Guest Erica Freedman
Jan David Hanrath, co-founder of “One More Thing,”” a popular blog serving the Dutch Apple community, spent a week at Big Nerd Ranch Europe bootcamp to become an iOS developer. He blogged daily about his experience, which we’ve translated from its original Dutch.
If you’re interested in attending a bootcamp at Big Nerd Ranch Europe, check out the class schedule here. New courses are added all the time, and include Android, Beginning iOS, Advanced iOS, OpenGL and HTML5.
After a week of intensive private preparation in Italy, the training is going to happen in the next seven days. Eight hours of training a day by Big Nerd Ranch coach Bolot Kerimbaev should make me an iOS developer at the end of the week.
With some basic and well-aged programming experience in Visual Basic and ASP and, more recently, a bit of playing around with PHP, I dive into the world of Objective-C, Xcode and Cocoa (Touch) by following the Beginning iOS course, which consists of two days Objective-C and 5 days iOS. Conference Hotel Villa Heidebad in the ‘Veluwe’ forest should create an environment without the distraction of mobile phones because it is in the middle of a black spot of all mobile networks.
Luckily, Wi-Fi is available, so I can share my experience on One More Thing by blogging about it on a daily basis. Friday night at dinner, I met my 13 fellow students from six different countries. From The Netherlands and Lithuania to England and Abu Dhabi. In addition to writing about the training, I will try to dive into their backgrounds and app plans.
In seven days we will know whether I have made it and whether Rens – the developer of our own One More Thing app – has some competition… Stay tuned!
Day 1 of the Objective-C part at Big Nerd Ranch is over. After a brief introduction on how your code uses the computer’s memory we dive straight into Objective-C. Instances, objects, inheritance, common foundation classes, they all come by at a fast pace.
The training is called ‘Beginning’ Objective-C/iOS, but some basic programming experience is an absolute requirement. My week of private preparation pays off immediately. My only concern is that in one day of training half of my preparation has been used up, which is promising for the rest of the week! Fortunately, you can pretty well build upon stuff if you understand some basic concepts.
Instructor Bolot takes the time for anyone who needs extra attention and ensures that everybody stays connected. An excellent lunch, followed by an anti-lunch-walk through the forests of Epe helps us to stay alert for the afternoon part of the training.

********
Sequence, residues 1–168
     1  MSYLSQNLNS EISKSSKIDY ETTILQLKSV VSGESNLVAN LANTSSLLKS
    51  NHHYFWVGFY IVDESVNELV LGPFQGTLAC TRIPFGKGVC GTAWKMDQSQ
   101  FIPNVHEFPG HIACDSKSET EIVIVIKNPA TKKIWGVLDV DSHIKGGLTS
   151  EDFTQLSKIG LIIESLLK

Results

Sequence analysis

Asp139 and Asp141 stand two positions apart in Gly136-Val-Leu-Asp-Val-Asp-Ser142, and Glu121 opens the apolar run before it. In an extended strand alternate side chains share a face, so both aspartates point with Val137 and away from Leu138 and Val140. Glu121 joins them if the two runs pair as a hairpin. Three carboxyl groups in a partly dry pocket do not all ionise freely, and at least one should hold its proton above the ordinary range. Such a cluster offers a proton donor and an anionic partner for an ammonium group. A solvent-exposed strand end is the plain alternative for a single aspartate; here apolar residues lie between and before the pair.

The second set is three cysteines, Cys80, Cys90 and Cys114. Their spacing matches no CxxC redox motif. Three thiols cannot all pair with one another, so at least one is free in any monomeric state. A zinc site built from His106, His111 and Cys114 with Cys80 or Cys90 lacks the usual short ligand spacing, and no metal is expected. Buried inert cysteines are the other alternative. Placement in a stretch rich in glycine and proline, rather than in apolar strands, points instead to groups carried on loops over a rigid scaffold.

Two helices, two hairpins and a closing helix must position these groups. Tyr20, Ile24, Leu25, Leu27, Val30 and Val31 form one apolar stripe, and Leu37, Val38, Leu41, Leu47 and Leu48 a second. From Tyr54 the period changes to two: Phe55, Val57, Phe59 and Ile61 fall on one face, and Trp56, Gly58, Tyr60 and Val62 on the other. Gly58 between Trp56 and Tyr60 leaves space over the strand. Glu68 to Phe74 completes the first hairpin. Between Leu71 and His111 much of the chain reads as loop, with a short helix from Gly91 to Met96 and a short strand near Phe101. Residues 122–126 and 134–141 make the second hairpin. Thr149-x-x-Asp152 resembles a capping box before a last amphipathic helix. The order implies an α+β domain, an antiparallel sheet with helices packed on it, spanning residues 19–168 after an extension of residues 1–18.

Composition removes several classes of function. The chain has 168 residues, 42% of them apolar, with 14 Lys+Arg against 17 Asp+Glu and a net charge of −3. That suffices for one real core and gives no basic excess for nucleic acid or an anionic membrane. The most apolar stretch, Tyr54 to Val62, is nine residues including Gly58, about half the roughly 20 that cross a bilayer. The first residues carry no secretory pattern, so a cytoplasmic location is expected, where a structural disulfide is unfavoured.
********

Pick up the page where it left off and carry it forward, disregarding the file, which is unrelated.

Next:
My fellow nerds, all men ranging in age from 25 to 56, are self-employed or work for large companies like Philips, PWC and Booz Allen Hamilton. Most have experience with one or more programming languages and develop on a daily basis. For most of them the first day goes by quite easily.
Bolot demonstrates the Objective-C sign.
As an architect (indeed, bricks instead of bits) in real life, I probably won’t be developing on a daily basis, but knowledge of the principles of app development provides opportunities and will bring me onto new paths and ideas. It will also make it easier for me to communicate with app developers and who knows what that will mean for the One More Thing app.
An important visitor today in Epe. Aaron Hillegass, founder of Big Nerd Ranch and author of books on Objective C, Cocoa and iOS, makes a brief visit to Villa Heidebad over lunch to see how we are doing and to personally check whether the location lives up to his expectations.
It’s not something he does for all his overseas classes, but Big Nerd Ranch Europe is so young that he has not seen it with his own eyes. Due to the increasing popularity of iOS and Mac, Big Nerd Ranch grows rapidly. Besides Europe, Aaron is setting up training facilities in Sydney and Mexico City. The ultimate goal is to offer training and consulting at locations worldwide with a travel distance of maximum four hours.
Before Aaron started Big Nerd Ranch, he worked as a trainer at NeXT. He was involved in OpenStep, the operating system developed for Sun after NeXT had stopped making their own hardware. When NeXT was purchased by the ailing Apple, Aaron moved with Steve Jobs, Scott Forstall, Craig Federighi and a lot of other colleagues to Cupertino.
Working at Apple wasn’t that challenging for Aaron, so he jumped into a gap that Apple itself left: to start Big Nerd Ranch and provide training for Apple users and businesses. In the difficult years of Apple it paid the bills, but with the increasing popularity of Mac OS X (based on the NeXT operating system) it went gradually better. But since the launch of iPhone and the iPhone SDK, Big Nerd Ranch is on a roller coaster that seems unstoppable.
Aaron takes a bite of apple.